I take my job as a part-timing reviewer quite seriously. On receipt of this debut by Cornwall’s pre-Raphaelite folk fantasists (according to press release), I took myself off to Sherwood Forest for a proper listen. I first saw* Thistletown *on a Dutch barge on the Thames some months ago and was taken with their medieval flute and trumpet-driven grooves.
This five-piece live aboard a boat, grow their own vegetables, and make some of the folkiest, hippiest music your ears ever did hear. The band formed in 2007 after singers Tiffany and Lydia bonded over a shared love of nature and ‘70s maxi dresses. With their love of folk–rock acts like Pentangle, Heron, and Trees, you should, by now, have an idea of what Thistletown are all about.
But wait, it’s not at all bad. Multi-instrumentalist Jarvis, who plays accordion, trumpet glockenspiel and drums, delivers some deep New York soul that DJ Shadow would lose a limb to sample. The positively funky ‘Rosemarie’ and ‘Dance with the Sea’ along with the horn licks littered on ‘Glowworm’ expose a side of the Thistles that they could (and, indeed, should) further embrace.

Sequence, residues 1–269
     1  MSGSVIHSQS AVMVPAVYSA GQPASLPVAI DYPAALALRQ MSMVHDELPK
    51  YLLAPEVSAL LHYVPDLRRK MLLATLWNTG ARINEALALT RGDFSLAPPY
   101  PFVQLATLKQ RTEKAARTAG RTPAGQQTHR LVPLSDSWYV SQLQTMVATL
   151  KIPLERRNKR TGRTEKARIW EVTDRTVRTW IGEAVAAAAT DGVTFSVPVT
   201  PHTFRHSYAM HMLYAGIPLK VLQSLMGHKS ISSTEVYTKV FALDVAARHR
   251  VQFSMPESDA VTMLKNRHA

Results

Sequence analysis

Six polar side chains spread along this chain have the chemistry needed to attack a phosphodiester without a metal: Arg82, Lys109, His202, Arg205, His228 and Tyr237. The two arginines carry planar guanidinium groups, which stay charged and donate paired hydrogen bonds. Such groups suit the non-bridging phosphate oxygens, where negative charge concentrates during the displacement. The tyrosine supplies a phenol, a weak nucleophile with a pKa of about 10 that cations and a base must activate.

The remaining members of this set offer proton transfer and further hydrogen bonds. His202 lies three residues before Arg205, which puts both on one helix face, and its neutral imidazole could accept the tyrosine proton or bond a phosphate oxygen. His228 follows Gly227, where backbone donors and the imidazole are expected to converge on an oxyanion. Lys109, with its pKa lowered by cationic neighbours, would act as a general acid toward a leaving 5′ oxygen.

Though the duel vocals are pretty, they can suffer from lyrical depth. On ‘Under the Trees’_ the singers proclaim:_ “We will dance under the tree, where I shall give my love to thee”_. The line comes off sounding distinctly like medieval pixie-love, which has no place in any serious music lover’s catalogue.
Rejecting and reforming art is a tricky business; it mightn’t make you particularly popular amongst peers but, done right, can be revolutionary. But do Thistletown want revolution? Perhaps, by rejecting the trappings of the modern age (or just the music of the age), they simply prefer to look far back to an England that once was.
This quixotic notion that drives the album, though musically adventurous, will isolate much of the album-buying public. But then, it’s not a popularity contest, is it?